Anway, anybody ever been to a racing school? If so was it worth it?

Comparing the behaviour of a 31.7 and a Starlight 35 is not really comparing apples with apples...

The Starlight is much heavier, and has a much "fuller" underwater profile. This will make it much less likely to round up, even though the sail plan could still be quite unballanced.

So whilst the control issues aren't there in the same way as the 31.7, the lack of ballance is still slowing you down. And without the obvious hints, can be harder to realise and correct. And to be honest if a 31.7 is "leaving you for dead" upwind in the heavy, the alarm bells really should be ringing. (Sounds like they are though!)

I've never heard of a "racing school" in the same way that you have crusiing schools. However, there are plenty of coaches who would be willing to come out with you on your own boat, either just for training or on race day, who would be able to give you some pointers. Been on the receiving end of this a few times, and it is worth every penny.
 
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Comparing the behaviour of a 31.7 and a Starlight 35 is not really comparing apples with apples...

The Starlight is much heavier, and has a much "fuller" underwater profile. This will make it much less likely to round up, even though the sail plan could still be quite unballanced.

So whilst the control issues aren't there in the same way as the 31.7, the lack of ballance is still slowing you down. And without the obvious hints, can be harder to realise and correct. And to be honest if a 31.7 is "leaving you for dead" upwind in the heavy, the alarm bells really should be ringing. (Sounds like they are though!)

Thanks. Never thought of it that way but the Starlight does have a huge rudder by comparison to previous boats I've had so what you say makes sense. The 31.7 albeit with racy carbon / kevlar sails, took 3% out of us over the 90 odd minute race. And they arent renowned locally as sh*t hot sailors.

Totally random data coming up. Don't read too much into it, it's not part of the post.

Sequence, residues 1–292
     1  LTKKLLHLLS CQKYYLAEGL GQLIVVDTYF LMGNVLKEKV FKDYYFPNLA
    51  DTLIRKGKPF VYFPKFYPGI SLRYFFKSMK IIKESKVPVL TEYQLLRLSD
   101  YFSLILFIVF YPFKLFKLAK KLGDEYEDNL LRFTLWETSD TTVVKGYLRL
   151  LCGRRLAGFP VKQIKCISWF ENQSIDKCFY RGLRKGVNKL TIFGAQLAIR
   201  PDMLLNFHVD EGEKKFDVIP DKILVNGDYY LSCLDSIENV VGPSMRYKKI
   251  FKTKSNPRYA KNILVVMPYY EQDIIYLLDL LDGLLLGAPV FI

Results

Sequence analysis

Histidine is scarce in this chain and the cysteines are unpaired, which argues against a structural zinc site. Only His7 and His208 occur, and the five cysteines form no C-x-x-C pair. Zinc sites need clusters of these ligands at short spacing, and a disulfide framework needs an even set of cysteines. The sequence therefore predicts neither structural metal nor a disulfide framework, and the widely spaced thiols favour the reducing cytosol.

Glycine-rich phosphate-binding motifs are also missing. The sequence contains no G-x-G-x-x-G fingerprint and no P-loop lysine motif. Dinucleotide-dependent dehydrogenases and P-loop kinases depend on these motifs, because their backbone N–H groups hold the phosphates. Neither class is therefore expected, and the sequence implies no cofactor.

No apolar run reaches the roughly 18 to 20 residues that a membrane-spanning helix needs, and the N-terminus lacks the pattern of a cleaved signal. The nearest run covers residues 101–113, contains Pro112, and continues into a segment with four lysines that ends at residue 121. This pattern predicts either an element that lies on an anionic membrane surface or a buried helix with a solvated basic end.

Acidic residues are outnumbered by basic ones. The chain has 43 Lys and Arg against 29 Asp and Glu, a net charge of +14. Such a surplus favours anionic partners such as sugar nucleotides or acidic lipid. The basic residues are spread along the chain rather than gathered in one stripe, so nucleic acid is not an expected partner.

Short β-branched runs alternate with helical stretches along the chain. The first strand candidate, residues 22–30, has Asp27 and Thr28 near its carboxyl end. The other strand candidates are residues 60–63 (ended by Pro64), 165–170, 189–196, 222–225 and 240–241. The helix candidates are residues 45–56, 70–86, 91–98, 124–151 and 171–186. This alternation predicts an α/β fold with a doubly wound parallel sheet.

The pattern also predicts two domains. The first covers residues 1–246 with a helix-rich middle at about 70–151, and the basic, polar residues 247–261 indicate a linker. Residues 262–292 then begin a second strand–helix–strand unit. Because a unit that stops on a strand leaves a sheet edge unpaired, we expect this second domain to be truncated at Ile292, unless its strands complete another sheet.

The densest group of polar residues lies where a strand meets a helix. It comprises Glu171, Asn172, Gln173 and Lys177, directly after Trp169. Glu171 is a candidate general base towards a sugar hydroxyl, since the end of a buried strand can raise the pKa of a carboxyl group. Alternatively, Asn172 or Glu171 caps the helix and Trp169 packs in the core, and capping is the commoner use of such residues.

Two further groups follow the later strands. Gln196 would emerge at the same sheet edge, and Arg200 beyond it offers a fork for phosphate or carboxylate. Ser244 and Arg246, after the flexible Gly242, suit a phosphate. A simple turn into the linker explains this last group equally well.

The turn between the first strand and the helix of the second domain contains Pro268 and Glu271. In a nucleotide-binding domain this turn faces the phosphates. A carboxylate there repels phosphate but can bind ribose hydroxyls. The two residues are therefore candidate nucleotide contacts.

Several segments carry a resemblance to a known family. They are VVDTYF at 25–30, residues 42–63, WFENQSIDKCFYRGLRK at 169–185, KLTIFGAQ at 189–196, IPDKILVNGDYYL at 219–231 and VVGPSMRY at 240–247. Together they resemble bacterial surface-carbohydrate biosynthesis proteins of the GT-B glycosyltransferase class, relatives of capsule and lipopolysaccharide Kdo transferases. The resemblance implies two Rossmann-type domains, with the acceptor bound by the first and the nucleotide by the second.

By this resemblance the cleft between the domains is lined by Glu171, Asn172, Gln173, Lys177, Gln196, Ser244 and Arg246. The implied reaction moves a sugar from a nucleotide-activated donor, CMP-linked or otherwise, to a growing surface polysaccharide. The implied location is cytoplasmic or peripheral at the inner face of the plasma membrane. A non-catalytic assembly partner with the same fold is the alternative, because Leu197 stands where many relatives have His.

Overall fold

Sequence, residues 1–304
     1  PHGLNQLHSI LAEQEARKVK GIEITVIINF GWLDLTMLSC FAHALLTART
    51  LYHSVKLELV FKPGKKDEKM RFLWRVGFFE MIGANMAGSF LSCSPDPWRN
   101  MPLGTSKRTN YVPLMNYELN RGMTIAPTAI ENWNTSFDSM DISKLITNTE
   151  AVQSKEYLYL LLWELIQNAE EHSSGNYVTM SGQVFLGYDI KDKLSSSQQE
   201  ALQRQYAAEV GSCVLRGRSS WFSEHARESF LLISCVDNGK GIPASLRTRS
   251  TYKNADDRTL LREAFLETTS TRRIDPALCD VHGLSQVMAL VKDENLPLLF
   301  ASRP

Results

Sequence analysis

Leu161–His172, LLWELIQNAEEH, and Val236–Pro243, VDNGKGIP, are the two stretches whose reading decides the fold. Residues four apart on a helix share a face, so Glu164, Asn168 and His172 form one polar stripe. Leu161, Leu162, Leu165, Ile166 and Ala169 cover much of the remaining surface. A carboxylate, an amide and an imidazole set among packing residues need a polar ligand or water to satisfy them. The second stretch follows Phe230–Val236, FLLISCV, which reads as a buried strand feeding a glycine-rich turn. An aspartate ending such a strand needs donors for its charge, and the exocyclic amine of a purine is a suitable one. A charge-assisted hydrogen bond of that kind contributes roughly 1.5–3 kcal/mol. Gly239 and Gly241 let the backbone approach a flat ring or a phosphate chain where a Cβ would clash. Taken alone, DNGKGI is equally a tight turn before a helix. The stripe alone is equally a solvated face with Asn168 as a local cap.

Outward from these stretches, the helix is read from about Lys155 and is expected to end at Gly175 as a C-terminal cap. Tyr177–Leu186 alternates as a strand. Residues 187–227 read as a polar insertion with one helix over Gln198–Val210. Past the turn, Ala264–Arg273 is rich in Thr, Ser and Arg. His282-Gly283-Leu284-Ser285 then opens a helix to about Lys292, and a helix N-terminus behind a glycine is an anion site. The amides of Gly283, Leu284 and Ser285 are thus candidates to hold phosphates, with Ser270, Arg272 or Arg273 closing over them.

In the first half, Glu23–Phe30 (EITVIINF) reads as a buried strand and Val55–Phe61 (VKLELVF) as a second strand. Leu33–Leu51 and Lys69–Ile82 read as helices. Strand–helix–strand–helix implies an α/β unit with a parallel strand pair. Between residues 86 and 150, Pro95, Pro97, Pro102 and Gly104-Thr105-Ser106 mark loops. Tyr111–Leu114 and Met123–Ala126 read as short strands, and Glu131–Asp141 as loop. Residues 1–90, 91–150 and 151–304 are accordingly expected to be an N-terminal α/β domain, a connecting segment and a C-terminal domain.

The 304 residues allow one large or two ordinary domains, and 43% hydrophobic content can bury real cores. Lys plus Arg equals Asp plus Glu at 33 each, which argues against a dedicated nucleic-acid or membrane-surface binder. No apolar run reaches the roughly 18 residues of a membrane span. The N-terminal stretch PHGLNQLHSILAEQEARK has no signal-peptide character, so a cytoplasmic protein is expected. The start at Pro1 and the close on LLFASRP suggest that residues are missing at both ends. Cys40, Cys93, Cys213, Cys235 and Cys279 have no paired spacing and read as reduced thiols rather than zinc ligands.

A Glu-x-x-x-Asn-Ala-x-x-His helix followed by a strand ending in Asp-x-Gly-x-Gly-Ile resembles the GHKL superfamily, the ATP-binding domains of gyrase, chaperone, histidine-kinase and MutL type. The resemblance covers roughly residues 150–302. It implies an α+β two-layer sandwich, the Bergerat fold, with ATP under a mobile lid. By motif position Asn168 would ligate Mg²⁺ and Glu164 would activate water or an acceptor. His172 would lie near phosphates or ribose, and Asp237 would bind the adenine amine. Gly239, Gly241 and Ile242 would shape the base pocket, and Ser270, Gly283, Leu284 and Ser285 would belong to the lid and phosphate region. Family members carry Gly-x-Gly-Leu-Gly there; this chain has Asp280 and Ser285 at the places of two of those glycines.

I've never heard of a "racing school" in the same way that you have crusiing schools. However, there are plenty of coaches who would be willing to come out with you on your own boat, either just for training or on race day, who would be able to give you some pointers. Been on the receiving end of this a few times, and it is worth every penny.

Our problem as must be obvious by now, is that only one of us has any racing experience and he is very much the one eyed man in the kingdom of the blind. But none of us can abide losing.:) So provided the cost wasnt silly I would be happy to pay for someone to come along and help us race.
 

fireball

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It is amazing seeing the difference in performance when you put a **** hot crew member on board ...
Especially when it means the helm can get on with concentrating on helming whilst the others do their jobs - directed by the skipper. If the skipper is always helming then he cannot concentrate on that as well as direct the crew - not that it means the skipper cannot helm - but just not all the time.
Having a crew member who can (and does) call the shots is extreemly valuable when racing - especially upwind where I get my helm to sail to the jib telltails and I call the tacktics.
 
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especially upwind where I get my helm to sail to the jib telltails and I call the tacktics.

Which implies you sheet the genny to a certain point and then sail to it. But what is that point? Do you trim to where it touches the spreaders?

I always helm by the tell tales. I take your point about skippering - just a bit nervous of anyone else helming my P and J in the starting melee. :eek: